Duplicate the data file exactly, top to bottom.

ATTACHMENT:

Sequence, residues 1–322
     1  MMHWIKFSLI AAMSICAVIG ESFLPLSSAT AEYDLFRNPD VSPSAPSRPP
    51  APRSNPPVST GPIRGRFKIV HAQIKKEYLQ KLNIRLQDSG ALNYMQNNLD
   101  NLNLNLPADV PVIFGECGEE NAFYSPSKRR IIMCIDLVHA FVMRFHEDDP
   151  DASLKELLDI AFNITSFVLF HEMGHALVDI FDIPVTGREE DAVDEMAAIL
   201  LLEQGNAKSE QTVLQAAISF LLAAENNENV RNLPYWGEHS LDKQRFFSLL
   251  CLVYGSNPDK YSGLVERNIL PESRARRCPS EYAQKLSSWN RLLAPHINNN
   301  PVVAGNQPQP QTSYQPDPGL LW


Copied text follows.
Sequence, residues 1–322
     1  MMHWIKFSLI AAMSICAVIG ESFLPLSSAT AEYDLFRNPD VSPSAPSRPP
    51  APRSNPPVST GPIRGRFKIV HAQIKKEYLQ KLNIRLQDSG ALNYMQNNLD
   101  NLNLNLPADV PVIFGECGEE NAFYSPSKRR IIMCIDLVHA FVMRFHEDDP
   151  DASLKELLDI AFNITSFVLF HEMGHALVDI FDIPVTGREE DAVDEMAAIL
   201  LLEQGNAKSE QTVLQAAISF LLAAENNENV RNLPYWGEHS LDKQRFFSLL
   251  CLVYGSNPDK YSGLVERNIL PESRARRCPS EYAQKLSSWN RLLAPHINNN
   301  PVVAGNQPQP QTSYQPDPGL LW